Review of unusual patient care experiences is a cornerstone of medical education. Each month, the AQI-AIRS Steering Committee abstracts a patient history submitted to the Anesthesia Incident Reporting System (AIRS) and authors a discussion of the safety and human factors challenges involved. Real-life case histories often include multiple clinical decisions, only some of which can be discussed in the space available. Absence of commentary should not be construed as agreement with the clinical decisions described. Feedback regarding this article can be sent by email to email@example.com. Report incidents or download the AIRS mobile app at www.aqiairs.org.
Nasal polyp surgery was completed on a 15-year-old, ASA Physical Status I male. A nasal endoscopy was performed at the end of the procedure and hyperplastic adenoids were found. These were not resected, and the finding was not communicated to the anesthesiologist. The patient was extubated after responding to commands but became obstructed soon after. Vigorous suctioning revealed copious blood in the airway. A nasal airway was placed. The patient developed laryngospasm, O2saturation decreased to 58 percent, and 3 minutes of positive pressure CPAP was used to break the laryngospasm. After stabilization, the patient was transported to PACU. One hour later the patient became tachypneic and O2saturation decreased to 85 percent. Chest X-ray revealed pulmonary edema affecting the left lung more than the right. A diagnosis of negative pressure pulmonary edema was made. After 24-hours of appropriate treatment, the patient made a full recovery and was discharged home.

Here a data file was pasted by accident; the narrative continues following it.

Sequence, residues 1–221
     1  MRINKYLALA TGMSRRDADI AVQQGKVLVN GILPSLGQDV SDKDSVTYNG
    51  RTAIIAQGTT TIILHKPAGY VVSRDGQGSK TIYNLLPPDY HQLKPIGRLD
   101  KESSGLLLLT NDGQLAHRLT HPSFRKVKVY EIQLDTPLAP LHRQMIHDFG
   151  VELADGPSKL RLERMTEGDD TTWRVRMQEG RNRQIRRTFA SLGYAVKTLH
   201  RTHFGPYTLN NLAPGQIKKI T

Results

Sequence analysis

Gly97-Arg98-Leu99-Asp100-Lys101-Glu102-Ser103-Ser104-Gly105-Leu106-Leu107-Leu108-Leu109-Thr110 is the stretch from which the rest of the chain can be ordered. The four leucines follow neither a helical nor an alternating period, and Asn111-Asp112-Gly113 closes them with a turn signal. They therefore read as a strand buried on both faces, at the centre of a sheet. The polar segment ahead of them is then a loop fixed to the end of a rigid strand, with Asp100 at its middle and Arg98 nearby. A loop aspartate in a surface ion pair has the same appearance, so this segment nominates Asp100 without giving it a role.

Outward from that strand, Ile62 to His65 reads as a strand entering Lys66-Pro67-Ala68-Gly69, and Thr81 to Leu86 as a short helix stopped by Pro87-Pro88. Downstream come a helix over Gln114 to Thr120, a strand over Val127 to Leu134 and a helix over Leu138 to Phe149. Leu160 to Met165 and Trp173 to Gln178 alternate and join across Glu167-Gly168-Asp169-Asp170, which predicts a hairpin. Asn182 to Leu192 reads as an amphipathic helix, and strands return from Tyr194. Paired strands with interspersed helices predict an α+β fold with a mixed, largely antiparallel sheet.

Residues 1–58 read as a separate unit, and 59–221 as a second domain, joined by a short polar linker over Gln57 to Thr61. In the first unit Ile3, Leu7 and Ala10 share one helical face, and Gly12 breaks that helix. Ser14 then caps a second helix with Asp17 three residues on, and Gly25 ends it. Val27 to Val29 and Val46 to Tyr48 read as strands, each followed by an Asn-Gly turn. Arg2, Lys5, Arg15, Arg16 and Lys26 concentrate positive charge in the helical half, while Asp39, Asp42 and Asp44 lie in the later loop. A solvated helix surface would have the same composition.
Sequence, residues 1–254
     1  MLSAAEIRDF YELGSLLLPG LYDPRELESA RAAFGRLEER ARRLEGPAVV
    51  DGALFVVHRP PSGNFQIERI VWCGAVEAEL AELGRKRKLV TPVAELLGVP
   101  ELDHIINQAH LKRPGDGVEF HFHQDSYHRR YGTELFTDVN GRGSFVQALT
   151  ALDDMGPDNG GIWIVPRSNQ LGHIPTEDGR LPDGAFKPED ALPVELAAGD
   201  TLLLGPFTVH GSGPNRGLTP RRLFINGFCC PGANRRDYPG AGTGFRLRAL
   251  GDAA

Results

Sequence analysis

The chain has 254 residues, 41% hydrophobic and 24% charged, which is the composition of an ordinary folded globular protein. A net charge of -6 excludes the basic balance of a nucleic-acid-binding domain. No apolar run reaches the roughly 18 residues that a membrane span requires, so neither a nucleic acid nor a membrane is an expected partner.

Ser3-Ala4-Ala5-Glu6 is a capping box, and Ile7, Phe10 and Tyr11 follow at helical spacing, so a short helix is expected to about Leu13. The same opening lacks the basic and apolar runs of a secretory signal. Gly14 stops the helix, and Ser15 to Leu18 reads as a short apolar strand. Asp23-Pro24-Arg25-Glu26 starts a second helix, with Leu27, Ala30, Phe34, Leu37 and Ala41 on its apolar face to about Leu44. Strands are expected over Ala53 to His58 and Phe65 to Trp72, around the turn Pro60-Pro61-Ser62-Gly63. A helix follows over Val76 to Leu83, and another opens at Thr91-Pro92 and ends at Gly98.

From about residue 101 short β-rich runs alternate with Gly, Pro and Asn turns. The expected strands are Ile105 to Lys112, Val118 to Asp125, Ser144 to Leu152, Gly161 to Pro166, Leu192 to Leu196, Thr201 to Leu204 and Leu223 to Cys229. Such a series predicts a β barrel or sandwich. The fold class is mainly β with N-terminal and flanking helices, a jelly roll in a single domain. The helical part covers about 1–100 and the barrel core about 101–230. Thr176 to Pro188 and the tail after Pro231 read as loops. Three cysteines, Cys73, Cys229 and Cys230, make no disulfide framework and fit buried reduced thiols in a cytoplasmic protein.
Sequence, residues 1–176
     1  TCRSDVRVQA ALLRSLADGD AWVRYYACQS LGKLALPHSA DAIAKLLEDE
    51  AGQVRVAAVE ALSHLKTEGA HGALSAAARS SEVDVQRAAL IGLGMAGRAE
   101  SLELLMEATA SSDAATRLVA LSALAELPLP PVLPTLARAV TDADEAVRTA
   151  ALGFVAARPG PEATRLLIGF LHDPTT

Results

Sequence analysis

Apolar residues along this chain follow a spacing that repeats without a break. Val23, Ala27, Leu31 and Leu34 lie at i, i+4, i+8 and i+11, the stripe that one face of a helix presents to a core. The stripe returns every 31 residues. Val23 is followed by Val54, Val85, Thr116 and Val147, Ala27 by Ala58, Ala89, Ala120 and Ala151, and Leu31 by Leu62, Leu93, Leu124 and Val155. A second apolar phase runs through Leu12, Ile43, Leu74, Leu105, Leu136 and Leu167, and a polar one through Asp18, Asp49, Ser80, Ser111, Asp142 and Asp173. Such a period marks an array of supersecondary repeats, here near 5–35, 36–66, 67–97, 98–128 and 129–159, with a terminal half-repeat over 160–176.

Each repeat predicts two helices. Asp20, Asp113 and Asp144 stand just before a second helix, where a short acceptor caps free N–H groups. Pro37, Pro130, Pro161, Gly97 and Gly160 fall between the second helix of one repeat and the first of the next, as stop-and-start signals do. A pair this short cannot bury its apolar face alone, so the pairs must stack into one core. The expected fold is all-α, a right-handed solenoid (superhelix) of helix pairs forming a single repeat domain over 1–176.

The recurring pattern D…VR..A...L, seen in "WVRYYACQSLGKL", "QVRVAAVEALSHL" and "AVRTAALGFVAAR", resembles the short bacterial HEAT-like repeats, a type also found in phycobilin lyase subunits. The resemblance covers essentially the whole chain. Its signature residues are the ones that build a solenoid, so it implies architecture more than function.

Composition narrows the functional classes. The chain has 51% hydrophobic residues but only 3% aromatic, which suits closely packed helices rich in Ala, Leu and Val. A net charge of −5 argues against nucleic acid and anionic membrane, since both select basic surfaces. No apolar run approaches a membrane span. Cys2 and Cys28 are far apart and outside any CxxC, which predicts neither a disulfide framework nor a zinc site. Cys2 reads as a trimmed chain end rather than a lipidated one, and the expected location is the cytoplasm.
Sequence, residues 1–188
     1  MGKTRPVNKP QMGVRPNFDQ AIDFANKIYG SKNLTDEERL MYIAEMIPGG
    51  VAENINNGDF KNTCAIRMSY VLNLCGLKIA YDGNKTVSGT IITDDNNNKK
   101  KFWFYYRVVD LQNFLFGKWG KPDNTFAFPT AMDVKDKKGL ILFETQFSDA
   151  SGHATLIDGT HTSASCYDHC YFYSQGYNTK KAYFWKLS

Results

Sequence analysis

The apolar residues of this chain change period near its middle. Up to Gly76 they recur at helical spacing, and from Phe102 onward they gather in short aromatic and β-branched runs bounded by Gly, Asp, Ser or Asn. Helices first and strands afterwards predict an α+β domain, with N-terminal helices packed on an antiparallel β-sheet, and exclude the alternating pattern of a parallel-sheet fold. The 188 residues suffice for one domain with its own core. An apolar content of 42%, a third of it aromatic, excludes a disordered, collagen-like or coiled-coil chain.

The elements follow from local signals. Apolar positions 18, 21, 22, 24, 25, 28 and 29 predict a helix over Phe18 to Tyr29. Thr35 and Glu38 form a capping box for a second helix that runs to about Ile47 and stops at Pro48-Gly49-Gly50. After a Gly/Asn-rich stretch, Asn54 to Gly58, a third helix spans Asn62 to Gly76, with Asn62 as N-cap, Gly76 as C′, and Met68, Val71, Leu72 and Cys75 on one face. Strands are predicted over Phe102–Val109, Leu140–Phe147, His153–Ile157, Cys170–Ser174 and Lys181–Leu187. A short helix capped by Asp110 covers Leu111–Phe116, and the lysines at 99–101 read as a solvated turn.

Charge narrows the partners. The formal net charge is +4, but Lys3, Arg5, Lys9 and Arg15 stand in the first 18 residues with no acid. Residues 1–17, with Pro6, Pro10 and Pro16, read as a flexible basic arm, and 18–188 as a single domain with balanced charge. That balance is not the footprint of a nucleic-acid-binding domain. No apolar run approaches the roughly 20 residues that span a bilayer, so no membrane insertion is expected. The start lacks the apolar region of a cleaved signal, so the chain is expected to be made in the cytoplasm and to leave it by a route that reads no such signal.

Pulmonary complications are a major cause of postoperative morbidity and mortality. Reported incidence of postoperative pulmonary complications range from approximately 11.5 percent to 33.4 percent, depending upon definition and criteria.1,2 The most common postoperative pulmonary complications are prolonged oxygen therapy by nasal cannula and atelectasis.1,2 Negative pressure pulmonary edema is less common and occurs following 0.05-0.1 percent of procedures performed under general anesthesia with endotracheal intubation.3 Importantly, patients experiencing one or more postoperative pulmonary complication face increased mortality, higher incidence of ICU admission and greater ICU and hospital lengths of stay.2 Here, we review recognition, diagnosis, and management of laryngospasm and negative pressure pulmonary edema within the context of this interesting submission.
Laryngospasm is a sustained adduction of the vocal cords, with or without the false vocal cords and supraglottic soft tissues, that may result in partial or complete upper-airway obstruction.4 Incidence rates vary, but reportedly affect between 0.87 percent and 1.6 percent of patients, with higher rates among children and patients undergoing ENT procedures.4,5 Laryngospasm results in significant hypoxemia in 61 percent of patients and causes bradycardia in 6 percent patients, with higher rates (23 percent) among infants less than 1 year old.4 Known laryngospasm risk factors include light anesthesia during a time of airway stimulation, irritating volatile anesthetics such as desflurane and isoflurane, blood or secretions within the airway, and reactive airways due to asthma or recent upper-respiratory infections.4,6,7